Within the social sciences there are, moreover, serious difficulties with our engagement with this fast-changing world. One is the decline in the expectation that social scientists can, or should, read foreign languages. In other European countries, and a generation ago in the UK, language was not an option, but a necessary part of everyone's education. It made available sources that were not available in English. It provided access to the thinking, and subjectivity, of other peoples. Above all, it cast a light, of necessary distance and self-examination, upon the student's own language.
Goethe said in the context of literature: "The monoglot is deaf." The same applies to the study of the social sciences. Ninety per cent of the World Wide Web may be in English: but 70 per cent of the world's books, and a higher percentage of its newspapers and other sources, are not. This issue, addressed in Robbins, was not addressed by Dearing. On its own it seriously disqualifies any claim that the social sciences in this country are facing the challenges of a changing world.
Equally there is a threat to the concrete study of societies, be this in terms of history or area studies. Part of this is a result of the unwarranted hegemony of abstract, and quantitative theory, divorced from the study of the particular. Part, in the United States and by extension here, follows from the end of the cold war: as one US paper summed it up recently: "Since we beat them, we don't need to study them." Part arises from the belief of some postmodernists that the very venture of studying history or other societies is ethically unsound. The result is clear: social sciences have less to say about the rest of the world, all is assumed to be subject to similar, abstracted approaches.
There are also factors in the environment external to universities that militate against a creative response to international change. One of these is an apparent declining interest in the outside world on the part of politicians: this is true in the US, where a third of the members of the Senate do not have a passport. It would also appear to be the case in the UK as well: fox-hunting arouses more interest than Kosovo, Nato expansion or Afghanistan. This contraction of interest by politicians is matched by the prevailing trend in commercial television and much of the press. There is excellent reporting in some of the broadsheet press and in some BBC radio and TV: but the running is made by a dumbed-down and parochial media that is, as the degeneration of News at Ten and Panorama shows, dragging others with it. Kelvin MacKenzie, when asked to characterise his new channel, L!ve TV, replied: "Bosnia it ain't."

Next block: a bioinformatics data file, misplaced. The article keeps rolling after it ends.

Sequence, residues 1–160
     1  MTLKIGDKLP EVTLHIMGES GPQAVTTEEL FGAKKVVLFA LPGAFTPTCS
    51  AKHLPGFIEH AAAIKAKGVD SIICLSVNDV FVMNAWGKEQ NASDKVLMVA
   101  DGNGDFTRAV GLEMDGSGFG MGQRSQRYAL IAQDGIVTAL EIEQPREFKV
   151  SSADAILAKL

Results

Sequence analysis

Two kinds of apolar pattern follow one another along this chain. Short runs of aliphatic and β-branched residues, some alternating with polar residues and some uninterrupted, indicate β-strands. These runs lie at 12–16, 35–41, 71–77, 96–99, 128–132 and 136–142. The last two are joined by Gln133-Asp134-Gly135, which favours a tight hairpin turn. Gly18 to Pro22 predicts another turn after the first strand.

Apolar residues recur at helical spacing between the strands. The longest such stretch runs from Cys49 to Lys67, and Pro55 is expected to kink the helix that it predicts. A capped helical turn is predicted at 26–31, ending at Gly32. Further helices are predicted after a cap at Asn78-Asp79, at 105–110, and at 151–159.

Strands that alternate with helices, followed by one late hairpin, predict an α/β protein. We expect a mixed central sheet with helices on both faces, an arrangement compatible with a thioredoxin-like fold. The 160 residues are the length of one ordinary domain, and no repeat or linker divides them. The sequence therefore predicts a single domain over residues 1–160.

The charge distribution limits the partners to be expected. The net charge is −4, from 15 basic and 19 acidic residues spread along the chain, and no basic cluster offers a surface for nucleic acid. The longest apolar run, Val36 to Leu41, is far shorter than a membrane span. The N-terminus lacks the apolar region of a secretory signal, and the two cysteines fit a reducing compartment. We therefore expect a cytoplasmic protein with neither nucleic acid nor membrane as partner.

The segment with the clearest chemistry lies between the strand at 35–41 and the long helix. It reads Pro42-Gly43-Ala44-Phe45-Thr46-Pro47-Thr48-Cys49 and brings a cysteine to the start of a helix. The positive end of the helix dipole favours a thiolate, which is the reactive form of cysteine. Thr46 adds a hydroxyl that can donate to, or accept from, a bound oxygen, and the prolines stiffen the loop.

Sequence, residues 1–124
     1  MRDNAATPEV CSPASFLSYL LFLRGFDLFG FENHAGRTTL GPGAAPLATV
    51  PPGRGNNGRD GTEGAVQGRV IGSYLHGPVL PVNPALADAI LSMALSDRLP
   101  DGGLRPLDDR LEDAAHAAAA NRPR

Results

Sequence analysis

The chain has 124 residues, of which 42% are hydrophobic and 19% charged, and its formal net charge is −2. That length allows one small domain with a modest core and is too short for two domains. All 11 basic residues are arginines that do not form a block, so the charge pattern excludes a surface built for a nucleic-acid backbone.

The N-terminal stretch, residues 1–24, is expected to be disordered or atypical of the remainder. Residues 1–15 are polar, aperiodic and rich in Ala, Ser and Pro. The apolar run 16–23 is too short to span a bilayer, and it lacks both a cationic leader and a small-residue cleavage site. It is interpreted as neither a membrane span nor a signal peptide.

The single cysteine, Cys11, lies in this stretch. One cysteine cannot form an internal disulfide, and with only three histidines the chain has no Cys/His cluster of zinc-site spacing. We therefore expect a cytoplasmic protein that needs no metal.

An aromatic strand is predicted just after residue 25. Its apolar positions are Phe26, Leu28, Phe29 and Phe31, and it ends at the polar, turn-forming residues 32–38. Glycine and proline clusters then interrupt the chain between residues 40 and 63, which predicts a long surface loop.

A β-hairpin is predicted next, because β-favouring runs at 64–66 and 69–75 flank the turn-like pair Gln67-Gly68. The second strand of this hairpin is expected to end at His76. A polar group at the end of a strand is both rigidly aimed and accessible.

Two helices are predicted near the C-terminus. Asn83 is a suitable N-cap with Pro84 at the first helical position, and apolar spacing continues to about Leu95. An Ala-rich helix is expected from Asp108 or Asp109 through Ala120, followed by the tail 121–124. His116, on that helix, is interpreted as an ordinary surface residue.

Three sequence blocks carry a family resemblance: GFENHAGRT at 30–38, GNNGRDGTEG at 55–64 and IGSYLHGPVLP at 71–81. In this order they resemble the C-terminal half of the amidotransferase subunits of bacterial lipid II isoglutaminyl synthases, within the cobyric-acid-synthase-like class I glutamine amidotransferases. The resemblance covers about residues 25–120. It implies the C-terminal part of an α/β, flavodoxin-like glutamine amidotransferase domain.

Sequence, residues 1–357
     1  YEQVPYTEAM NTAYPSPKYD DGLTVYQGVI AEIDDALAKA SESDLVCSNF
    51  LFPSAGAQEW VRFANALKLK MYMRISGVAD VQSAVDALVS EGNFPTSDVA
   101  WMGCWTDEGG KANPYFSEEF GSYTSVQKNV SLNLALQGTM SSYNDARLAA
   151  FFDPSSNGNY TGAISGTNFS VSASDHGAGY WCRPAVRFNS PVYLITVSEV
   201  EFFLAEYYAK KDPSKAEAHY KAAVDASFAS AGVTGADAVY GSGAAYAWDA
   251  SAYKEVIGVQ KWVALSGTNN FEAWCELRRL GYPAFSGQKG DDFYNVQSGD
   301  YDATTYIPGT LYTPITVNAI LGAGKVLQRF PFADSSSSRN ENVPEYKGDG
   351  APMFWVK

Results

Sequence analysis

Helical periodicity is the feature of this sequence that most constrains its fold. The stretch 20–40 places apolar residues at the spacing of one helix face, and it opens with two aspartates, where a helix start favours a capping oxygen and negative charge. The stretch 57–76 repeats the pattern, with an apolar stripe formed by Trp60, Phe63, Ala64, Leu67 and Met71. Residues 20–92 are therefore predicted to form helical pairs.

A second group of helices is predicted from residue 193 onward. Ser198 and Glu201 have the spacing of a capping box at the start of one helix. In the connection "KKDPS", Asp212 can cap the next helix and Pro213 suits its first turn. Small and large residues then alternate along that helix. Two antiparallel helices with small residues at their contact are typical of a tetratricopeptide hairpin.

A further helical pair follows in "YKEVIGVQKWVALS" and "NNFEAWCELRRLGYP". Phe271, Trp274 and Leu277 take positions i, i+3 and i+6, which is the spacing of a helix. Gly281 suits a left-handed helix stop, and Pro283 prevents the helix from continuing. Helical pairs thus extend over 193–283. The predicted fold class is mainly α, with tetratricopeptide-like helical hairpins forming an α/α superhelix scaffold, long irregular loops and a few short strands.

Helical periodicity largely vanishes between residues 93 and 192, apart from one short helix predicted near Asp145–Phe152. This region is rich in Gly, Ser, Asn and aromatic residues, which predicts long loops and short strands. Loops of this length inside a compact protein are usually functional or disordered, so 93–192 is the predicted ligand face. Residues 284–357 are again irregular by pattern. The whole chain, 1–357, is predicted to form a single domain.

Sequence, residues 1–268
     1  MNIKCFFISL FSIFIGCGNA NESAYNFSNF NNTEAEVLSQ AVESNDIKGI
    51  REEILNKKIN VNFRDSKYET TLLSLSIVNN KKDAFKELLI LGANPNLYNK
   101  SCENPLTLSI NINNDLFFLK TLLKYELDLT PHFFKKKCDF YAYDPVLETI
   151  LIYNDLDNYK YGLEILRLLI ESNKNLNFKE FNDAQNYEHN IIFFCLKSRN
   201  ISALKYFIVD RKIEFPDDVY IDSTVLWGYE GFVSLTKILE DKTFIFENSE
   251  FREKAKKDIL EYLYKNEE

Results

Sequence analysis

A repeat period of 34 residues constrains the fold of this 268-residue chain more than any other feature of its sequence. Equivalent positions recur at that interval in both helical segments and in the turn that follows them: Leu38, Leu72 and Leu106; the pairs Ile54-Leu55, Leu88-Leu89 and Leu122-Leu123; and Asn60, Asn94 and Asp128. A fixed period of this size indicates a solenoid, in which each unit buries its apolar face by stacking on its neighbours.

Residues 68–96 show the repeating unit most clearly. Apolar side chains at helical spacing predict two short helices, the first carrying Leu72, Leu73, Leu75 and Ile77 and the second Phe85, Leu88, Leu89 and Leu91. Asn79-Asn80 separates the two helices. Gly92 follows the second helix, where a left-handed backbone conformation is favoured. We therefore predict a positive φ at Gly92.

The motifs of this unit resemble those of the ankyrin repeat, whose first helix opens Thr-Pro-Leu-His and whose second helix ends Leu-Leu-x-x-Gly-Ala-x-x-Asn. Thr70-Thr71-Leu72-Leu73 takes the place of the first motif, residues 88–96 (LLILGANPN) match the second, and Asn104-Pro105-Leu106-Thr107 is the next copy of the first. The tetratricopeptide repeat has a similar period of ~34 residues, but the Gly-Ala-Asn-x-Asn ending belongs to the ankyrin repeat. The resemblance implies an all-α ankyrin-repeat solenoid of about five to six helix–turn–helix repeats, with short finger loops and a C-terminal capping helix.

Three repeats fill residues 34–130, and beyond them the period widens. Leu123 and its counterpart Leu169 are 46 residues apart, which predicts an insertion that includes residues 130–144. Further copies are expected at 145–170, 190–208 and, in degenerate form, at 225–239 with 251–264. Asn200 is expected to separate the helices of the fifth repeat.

Public life in general, and the universities in particular, are depleted by this abandonment by much of the media of their responsibility to report and explain. Nor are the broadsheets immune: The Observer's article on the foreign secretary, in its issue of April 26 that discussed in depth the domestic record of Blair's first year in government, was a sloppily researched profile that spent half the time discussing whether he wore a green anorak on his wedding day. No need, it seems, for a report card on a year of foreign relations.
Strictly speaking, there is no such thing as an "international university": universities live a creative tension of the national and the international, in terms of their members, their interests, their funding and aspirations. Their responsibilities are also national and international. For this we need to have the public support, as well as the internal readiness, to meet the new challenges. The government has not included any serving academics on Panel 2000, its committee of 33 people set up to reformulate the image of Britain: perhaps they should have done. We need a shrewd Britannia as well as a cool one.
Fred Halliday is professor of international relations at the London School of Economics. For a full version of this article see http://www.lse.ac.uk.depts/intrel.